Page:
Mothers with an Intellectual Disability: Stigma, Family and their Support Networks

Most women can become mothers with the right support and care. My mission is to change the conversation to support parents with a difference, and to ensure recognition of mothering, regardless of whether those women have their children with them full-time, or some of the time. We never forget our mothers.

My interest in equitable healthcare began in Fiji when my brother needed an operation. I was nine years old and during a visit to the surgeon, I was entranced by the skeleton in his office and his tales of working as a doctor in Africa. Fast forward fifty years, and I’ve just graduated with a PhD in midwifery.

Growing up in Fiji and seeing the poverty and disadvantage of those around me shaped both my nursing and midwifery career. As a registered nurse undertaking a post-graduate Diploma in Tropical and Public Health, I worked with a team to conduct leprosy research in a small village in Papua New Guinea. It was like coming home. I knew I had found my calling.

This led to an opportunity to work and teach in East New Britain, a province of Papua New Guinea. Working alongside the nurses and providing clinics to families in rural communities, I realised the importance of midwifery. So, I moved back Australia to undertake midwifery training, and despite my intentions to return overseas, meeting my husband and becoming pregnant with our first baby changed my focus.

My second daughter has a disability, and I knew that staying in Australia was important in giving her the best opportunities in life.

My career has focused on social justice issues and reducing health disparities for disadvantaged groups of women and families. This has included a women’s health project for the Punjabi women of Woolgoolga, NSW, and the piloting of an Indigenous community midwifery project in Kempsey, NSW, which led to the development of the New South Wales Aboriginal Maternal Infant Health Strategy.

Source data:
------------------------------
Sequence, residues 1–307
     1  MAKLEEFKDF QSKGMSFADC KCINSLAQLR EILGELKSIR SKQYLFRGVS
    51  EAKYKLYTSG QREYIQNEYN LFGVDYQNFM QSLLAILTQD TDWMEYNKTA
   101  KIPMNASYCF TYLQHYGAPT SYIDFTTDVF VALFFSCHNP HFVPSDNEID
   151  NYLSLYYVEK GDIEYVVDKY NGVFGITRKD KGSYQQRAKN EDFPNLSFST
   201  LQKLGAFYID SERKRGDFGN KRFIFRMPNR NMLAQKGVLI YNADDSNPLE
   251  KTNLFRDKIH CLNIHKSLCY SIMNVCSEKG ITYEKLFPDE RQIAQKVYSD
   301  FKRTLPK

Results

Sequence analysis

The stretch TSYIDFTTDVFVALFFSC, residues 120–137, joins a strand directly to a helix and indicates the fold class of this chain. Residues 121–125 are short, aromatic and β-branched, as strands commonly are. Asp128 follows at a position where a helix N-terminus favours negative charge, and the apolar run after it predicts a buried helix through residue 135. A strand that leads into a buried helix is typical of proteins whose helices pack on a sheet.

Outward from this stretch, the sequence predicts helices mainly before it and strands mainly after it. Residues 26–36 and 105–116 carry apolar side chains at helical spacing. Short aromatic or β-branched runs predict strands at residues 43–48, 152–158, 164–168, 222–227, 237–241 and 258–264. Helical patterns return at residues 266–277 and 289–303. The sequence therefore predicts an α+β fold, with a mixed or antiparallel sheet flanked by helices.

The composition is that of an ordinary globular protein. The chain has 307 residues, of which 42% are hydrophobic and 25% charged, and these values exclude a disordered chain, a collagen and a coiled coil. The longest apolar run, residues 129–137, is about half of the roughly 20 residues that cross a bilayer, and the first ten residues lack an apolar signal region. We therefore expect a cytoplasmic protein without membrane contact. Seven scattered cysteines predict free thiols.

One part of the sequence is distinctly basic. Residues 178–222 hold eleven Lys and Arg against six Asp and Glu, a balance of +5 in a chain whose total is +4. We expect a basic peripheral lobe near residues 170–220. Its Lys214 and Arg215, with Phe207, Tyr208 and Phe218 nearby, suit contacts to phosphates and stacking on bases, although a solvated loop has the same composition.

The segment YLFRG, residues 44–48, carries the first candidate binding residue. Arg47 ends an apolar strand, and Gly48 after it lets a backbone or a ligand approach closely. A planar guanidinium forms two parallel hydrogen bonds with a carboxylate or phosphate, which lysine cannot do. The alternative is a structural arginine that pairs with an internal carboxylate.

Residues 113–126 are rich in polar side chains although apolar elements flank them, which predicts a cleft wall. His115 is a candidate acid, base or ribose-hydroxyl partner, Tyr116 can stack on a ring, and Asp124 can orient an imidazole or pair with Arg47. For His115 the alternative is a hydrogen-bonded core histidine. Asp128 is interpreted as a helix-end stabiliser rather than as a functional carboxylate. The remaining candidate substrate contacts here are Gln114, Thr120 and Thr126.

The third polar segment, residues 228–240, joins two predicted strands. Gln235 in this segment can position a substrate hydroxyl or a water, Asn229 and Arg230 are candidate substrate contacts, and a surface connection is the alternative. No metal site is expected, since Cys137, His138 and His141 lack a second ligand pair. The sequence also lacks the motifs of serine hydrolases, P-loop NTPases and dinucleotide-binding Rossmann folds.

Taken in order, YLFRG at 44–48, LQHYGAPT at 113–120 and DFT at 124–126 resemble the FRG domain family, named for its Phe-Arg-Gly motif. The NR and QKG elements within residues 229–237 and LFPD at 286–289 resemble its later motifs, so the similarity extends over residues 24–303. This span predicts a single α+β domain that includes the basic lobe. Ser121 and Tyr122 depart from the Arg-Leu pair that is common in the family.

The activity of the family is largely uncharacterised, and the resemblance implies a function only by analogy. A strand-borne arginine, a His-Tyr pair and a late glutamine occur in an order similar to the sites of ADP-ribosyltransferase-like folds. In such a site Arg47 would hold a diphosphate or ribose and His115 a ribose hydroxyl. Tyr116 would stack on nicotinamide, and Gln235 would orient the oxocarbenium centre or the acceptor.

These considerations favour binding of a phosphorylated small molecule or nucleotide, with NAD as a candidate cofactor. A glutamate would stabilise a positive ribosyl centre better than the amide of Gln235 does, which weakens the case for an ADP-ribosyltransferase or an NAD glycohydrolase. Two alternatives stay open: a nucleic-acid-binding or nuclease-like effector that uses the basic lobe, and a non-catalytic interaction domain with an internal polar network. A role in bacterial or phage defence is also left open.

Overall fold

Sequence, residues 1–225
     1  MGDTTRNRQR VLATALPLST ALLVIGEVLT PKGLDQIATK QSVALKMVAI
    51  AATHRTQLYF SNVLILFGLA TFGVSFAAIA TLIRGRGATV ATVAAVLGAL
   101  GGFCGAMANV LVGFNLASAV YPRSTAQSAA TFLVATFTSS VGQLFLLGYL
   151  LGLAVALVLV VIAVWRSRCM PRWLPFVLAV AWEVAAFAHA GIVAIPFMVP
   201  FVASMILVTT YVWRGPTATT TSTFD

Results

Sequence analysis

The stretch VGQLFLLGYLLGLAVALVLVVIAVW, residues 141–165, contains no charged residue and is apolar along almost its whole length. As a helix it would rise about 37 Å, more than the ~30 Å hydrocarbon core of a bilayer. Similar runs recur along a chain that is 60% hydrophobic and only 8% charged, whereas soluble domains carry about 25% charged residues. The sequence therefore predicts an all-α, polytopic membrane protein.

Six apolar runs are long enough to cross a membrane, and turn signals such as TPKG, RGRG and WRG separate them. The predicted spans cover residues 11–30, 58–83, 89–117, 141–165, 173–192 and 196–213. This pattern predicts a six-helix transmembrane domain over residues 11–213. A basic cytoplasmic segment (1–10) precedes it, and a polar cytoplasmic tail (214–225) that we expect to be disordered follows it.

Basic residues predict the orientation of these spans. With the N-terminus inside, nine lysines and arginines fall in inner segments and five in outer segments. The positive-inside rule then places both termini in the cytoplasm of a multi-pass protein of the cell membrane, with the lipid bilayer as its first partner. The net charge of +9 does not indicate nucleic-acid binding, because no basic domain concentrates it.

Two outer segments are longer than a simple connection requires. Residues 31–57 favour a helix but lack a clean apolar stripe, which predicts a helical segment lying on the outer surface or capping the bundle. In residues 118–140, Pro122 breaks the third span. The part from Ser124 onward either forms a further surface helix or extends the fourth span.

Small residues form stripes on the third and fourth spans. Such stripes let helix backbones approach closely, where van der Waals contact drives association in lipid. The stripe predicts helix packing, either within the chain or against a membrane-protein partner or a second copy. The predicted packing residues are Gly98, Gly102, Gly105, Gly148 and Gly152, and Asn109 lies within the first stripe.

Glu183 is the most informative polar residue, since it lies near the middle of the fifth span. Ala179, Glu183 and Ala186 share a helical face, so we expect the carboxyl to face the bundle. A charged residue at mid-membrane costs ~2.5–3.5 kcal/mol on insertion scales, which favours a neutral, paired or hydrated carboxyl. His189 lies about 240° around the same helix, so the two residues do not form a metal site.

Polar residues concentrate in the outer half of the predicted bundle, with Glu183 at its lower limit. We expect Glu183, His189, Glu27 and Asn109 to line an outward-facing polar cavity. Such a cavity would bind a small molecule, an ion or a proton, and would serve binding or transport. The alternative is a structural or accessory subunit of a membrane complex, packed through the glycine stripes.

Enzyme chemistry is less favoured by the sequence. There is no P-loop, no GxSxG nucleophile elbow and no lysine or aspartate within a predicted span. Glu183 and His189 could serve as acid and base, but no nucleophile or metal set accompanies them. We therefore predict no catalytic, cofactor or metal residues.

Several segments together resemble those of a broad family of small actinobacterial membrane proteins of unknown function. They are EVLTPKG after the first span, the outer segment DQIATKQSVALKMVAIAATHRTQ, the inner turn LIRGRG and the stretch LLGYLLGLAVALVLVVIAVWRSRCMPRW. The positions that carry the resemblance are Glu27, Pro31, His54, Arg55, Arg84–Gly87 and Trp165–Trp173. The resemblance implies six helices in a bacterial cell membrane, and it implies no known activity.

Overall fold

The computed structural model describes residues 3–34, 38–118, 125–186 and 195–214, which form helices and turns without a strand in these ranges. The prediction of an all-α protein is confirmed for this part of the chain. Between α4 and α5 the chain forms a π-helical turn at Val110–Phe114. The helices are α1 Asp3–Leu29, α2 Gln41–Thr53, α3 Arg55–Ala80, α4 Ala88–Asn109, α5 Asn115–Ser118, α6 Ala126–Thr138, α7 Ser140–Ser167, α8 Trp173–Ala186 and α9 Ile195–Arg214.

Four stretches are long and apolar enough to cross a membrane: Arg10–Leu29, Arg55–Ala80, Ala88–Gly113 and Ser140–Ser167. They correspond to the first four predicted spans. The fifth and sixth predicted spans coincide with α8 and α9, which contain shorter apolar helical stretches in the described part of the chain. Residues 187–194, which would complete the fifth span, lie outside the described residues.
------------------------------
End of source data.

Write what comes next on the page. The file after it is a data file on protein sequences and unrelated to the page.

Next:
As my own daughters grew into womanhood, I became aware of the lack of reproductive services available for women with intellectual disability.

Even though support in disability has progressed over the last 20 years, there’s still stigmatisation and a noticeable lack of inclusion and support of women with a disability who want to become mothers, especially if they have an intellectual disability like my daughter.

There’s a perception that people with disability don’t have sex, let alone children.

PhD Journey

In 2013, I began my PhD journey by researching maternity care for women with intellectual disability. For this work I received the prestigious Australian College of Midwives award ‘NSW Midwife of the Year’.

The support and understanding from my supervisors, Dr Ann Taylor, Dr Lyn Ebert, and Dr Louise O’Brien, was invaluable. Both my daughters became mothers within eight weeks of each other, and both began their mothering journey with traumatic events. Without the support of my supervisors, I don’t think I would have made it through the difficult times.

No amount of research prepared me for the intervention of Family and Community Services which resulted in the removal of my daughter’s baby at five days of age, into the care of my husband and me. My life was totally consumed by my PhD topic, not only researching the area, but also living it.


Dr Namira Williams
receiving her PhD

Ellin and Emily, mother and daughter 

Mothers with intellectual disability